Volume 94, Issue 84

Thursday, March 1, 2001


No re-vote in store for Huron top spot

Hopeful disqualified over posters

London public school gets health scare

Investigated U of T law prof's peers defend academic freedom

Study says movie star smokers make teenagers more likely to light up too


Planet Me


Classical Indian musicians to drum up relief funds

A group of musicians with a Western connection will perform a concert of classical Indian music this Saturday night in order to raise money for survivors of the January earthquake that left an estimated 30,000 dead when it struck India.

A small group of concerned Western professors have organized the event with the help of students, said Kul Bhatia, professor of economics and one of the organizers.

The Western professors involved are pleased the concert will allow them to make a contribution to the effort without having to ask for straight donations, he said.

"Through the generosity of the musicians and organizers we have managed to plan an event that will donate 100 per cent of ticket sales directly to the relief effort," Bhatia said.

The concert will take place this Saturday at 7:30 p.m. at Trinity Place, 570 Gainsborough Road. For more information, those interested can contact Bhatia at 661-3530.

–Tait Simpson

UWO staff and profs come up big for charity

The largest donation ever by Western faculty and staff was handed over to the United Way on Monday night, bringing the university's Promises Campaign to a happy end.

The $257,254 that was raised represents an all-time high for Western's annual campaign, which also broke its previous record last year.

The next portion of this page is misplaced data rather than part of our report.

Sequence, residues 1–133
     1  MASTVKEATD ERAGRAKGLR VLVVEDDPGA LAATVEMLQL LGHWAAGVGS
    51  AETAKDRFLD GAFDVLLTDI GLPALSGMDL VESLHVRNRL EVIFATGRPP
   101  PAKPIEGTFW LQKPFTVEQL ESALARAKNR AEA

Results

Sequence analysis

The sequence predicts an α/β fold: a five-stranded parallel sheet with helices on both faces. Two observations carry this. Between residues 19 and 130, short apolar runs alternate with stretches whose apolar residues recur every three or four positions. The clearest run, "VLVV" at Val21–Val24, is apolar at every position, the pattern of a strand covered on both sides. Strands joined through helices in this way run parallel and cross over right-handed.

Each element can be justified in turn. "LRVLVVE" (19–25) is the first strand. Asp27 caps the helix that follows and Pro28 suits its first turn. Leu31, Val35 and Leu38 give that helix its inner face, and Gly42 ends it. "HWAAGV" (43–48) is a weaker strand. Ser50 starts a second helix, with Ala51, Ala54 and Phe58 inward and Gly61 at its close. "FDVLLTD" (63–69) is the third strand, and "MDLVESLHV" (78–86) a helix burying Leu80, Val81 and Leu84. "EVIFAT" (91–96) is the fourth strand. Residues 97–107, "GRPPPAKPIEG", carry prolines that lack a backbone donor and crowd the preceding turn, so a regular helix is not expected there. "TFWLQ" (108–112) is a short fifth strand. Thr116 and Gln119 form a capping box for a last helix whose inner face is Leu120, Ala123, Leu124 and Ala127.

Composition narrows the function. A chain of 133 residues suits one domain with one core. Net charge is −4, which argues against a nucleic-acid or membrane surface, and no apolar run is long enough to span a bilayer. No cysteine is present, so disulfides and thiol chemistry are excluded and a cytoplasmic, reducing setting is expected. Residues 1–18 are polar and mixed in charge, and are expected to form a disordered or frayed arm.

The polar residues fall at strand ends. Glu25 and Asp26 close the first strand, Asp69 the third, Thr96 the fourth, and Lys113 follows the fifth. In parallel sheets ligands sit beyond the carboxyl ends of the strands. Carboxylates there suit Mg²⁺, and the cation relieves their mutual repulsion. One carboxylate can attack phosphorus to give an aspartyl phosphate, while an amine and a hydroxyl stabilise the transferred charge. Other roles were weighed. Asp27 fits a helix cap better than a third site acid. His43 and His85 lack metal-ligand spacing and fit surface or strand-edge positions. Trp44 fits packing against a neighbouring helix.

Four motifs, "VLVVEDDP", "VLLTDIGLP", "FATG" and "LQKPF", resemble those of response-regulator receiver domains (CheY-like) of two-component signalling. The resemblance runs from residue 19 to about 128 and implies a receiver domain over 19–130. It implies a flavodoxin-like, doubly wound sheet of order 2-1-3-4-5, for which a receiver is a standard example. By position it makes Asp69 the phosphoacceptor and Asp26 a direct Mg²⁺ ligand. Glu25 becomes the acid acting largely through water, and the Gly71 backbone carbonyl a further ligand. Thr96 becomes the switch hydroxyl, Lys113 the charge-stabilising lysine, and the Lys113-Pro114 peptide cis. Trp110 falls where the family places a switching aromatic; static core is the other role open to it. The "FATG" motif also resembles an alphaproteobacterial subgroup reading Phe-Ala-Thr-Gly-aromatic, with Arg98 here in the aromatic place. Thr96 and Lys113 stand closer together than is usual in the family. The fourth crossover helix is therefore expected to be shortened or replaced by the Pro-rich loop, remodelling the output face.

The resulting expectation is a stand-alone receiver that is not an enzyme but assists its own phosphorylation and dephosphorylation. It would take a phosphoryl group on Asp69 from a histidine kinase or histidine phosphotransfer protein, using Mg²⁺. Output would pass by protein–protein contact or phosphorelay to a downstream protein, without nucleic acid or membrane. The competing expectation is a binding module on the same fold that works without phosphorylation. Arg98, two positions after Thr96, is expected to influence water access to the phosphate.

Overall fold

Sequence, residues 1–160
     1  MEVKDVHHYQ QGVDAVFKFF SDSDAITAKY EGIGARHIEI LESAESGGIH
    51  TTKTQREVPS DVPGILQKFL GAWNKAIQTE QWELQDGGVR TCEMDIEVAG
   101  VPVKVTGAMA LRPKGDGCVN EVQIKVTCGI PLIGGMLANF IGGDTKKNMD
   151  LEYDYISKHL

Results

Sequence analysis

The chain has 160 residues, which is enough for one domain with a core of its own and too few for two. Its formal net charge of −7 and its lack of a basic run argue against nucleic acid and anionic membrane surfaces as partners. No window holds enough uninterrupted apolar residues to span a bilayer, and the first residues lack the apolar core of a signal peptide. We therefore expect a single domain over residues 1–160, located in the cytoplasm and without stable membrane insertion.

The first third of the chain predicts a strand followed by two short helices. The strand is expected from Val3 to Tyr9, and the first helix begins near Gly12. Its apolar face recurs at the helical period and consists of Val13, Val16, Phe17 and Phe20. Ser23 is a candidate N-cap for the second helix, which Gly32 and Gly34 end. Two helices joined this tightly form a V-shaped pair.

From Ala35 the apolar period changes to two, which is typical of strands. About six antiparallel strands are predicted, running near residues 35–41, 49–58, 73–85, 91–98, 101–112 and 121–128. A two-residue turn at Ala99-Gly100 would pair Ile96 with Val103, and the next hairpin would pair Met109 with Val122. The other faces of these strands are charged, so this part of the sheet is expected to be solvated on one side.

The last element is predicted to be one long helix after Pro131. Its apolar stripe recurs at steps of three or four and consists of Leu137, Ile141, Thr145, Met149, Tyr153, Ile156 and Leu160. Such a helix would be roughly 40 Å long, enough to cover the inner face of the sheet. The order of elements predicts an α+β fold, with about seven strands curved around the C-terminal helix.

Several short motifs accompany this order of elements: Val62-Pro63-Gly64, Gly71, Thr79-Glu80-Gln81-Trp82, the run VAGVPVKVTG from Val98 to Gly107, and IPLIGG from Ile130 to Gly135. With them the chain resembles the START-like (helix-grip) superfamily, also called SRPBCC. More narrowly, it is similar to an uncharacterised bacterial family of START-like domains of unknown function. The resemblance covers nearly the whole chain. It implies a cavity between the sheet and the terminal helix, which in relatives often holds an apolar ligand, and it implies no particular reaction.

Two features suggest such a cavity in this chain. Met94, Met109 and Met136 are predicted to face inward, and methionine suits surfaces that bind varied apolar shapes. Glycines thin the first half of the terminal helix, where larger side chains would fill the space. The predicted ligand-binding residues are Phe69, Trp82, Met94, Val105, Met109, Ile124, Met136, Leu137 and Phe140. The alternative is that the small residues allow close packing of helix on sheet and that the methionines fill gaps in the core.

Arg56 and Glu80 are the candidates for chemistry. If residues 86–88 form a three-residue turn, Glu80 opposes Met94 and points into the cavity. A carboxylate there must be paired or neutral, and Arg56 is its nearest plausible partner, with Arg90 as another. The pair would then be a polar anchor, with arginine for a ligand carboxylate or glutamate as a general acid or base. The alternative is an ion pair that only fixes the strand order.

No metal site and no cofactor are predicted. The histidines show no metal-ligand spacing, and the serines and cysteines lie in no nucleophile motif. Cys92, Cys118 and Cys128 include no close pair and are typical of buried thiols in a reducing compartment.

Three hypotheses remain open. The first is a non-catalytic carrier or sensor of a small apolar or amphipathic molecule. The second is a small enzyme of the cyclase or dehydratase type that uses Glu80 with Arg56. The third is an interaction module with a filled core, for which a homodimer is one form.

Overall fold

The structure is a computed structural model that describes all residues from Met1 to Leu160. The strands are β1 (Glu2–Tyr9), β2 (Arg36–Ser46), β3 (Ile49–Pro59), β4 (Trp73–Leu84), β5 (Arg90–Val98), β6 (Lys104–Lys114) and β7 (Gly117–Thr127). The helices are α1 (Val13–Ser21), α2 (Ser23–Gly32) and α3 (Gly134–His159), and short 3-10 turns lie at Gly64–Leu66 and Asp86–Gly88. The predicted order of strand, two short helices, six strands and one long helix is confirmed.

"We're very happy," said Western campaign co-chairperson Frank Miller. "Anything that exceeds expectations is always a pleasant surprise."

According to Miller, Western has consistently been supporting the charity organization with large donations.

"We're the third largest contributor [to London's United Way] next to Ford and General Motors Diesel," he said. "This campaign has been a great thing for our university. It adds value to the Western community and adding value to the community adds value to Western."

"We were delighted to be given this much," said Helen Connell, executive director of United Way of London and Middlesex. "This is an enourmous gift we're very happy to receive and I'm sure the people who the money will go to will be happy too."

Despite the record-high contribution, the donation fell just short of the campaign goal. "Our goal was $270,000," Miller said. "Maybe next year."

–Joel Brown

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Copyright The Gazette 2000